Becoming a Two-Car Family

Becoming a Two-Car Family

Since the fall of 2008, we have been a one-car family and have been able to maintain it all this time. That’s 8 years. Bonus was that we kept the smaller of the two cars we had at the time.

We’re in the process right now of becoming a two-car family and my feelings are all over the map. Excitement for the ease it will bring us is mixed with worry about how it will change my positive habits that I have developed by needing to take the bus, the train, to walk and bike more, and to compromise.

Before we bought our one-bathroom, two-bedroom house, I read somewhere that having more than one bathroom decreases a family’s ability to compromise. I liked that reframe. We initially thought we wanted a two-bathroom home but liked the affordability of the smaller one we got. Wanting two bathrooms had developed from sharing small apartments with tiny bathrooms, which I didn’t feel I had much of a choice in. But I chose the house fully and completely, and I honestly can say now I really don’t mind still having one bathroom. It really has helped me to compromise.

The same has been true for the car. We chose to become a one-car family 8 years ago, and were proud of it. Moving to the midwest that year from San Francisco was a shock for me. I was used to using public transit and walking because driving was often such a headache. So making a choice like that here, in a place where the car is king and public transit isn’t super, was an ego boost. I felt capable and resourceful and tough. We were. We’ve both sustained some bike falls, missed transit connections, slogged through snow and rain storms while under dressed, and dealt with a grungier side of the general public that being in a car inherently separates you from.

Having a child has changed things a bit. We made some tough choices about childcare based on having only one car but needing to share drop-off and pick-up. We made choices about jobs in part based on ease of access by bike, foot, or bus considering the childcare factor. But we were able to make it work, for the most part. When Car2Go hit the market, it made our lives a whole lot easier. I still bike and bus more than half the time, but if I’m running late or have a lot to carry, I’ll just grab a little car and pay between $4-6 to get to work with ease. Car2Go has been our low-cost, low-commitment solution between being a one- a two- car family.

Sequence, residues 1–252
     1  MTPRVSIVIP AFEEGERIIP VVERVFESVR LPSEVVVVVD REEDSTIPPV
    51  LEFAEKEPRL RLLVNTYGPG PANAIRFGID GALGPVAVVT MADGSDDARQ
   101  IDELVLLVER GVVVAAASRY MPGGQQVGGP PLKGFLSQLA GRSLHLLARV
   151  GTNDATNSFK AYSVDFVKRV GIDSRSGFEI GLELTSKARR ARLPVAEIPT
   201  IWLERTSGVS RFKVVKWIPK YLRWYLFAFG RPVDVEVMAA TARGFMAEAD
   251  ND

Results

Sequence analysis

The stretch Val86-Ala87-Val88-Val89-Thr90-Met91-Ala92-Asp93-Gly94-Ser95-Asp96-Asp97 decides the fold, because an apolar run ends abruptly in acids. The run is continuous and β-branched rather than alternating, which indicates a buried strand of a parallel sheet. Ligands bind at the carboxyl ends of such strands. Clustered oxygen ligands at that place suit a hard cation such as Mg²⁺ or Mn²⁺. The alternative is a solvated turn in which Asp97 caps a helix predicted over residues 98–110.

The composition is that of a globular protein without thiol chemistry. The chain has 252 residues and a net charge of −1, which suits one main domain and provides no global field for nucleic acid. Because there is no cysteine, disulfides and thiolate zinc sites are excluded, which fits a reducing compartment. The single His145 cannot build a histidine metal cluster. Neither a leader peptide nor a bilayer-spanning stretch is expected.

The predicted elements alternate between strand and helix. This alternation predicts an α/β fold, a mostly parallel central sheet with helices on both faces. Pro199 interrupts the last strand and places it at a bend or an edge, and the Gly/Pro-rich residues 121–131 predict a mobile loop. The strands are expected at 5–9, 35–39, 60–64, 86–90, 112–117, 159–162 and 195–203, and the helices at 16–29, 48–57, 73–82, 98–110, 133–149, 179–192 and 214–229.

We have a few reasons for looking at buying a second car. The car we own is quite small, not fancy, and a bit loud, and so road trip vacations are uncomfortable. It’s a 2004 model and has over 150,000 miles; I like to think it has another several years in it, but who knows? But I have to admit that the biggest factor is that we are less and less willing to make personal sacrifices like delayed transit time, inclement weather, and inconvenience.

I paused mid-sentence as I wrote that just now. I feel totally guilty about admitting that last reason. I justify with myself that I will still bike most of the summer, and I really do have intentions to keep that up. I just really hope a second car doesn’t make me lazy. I still want to have a scrappy and flexible edge and I don’t want to get soft and easily flummoxed. When I’m waiting for a train and it’s delayed, I first feel annoyed, but then I quickly get perspective: I tell myself, hey, I’m outside instead of stuck in traffic, it’s only a few extra minutes, and it’s way cheaper. I definitely don’t want to have to deal with traffic more than I do. But I’m afraid that my middle-class-and-approaching-40 lifestyle changes are provoking some inner conflict because I do want the ease and reliability a second car will bring. Sometimes, but rarely, the closest Car2Go is up to a 10 minute walk away, and sometimes that’s just kind-of annoying. 

I’m deeply conflicted. It helps, though, that what we’re looking at are used Prius C’s. Because you can’t get much further from an Escalade values-wise than that.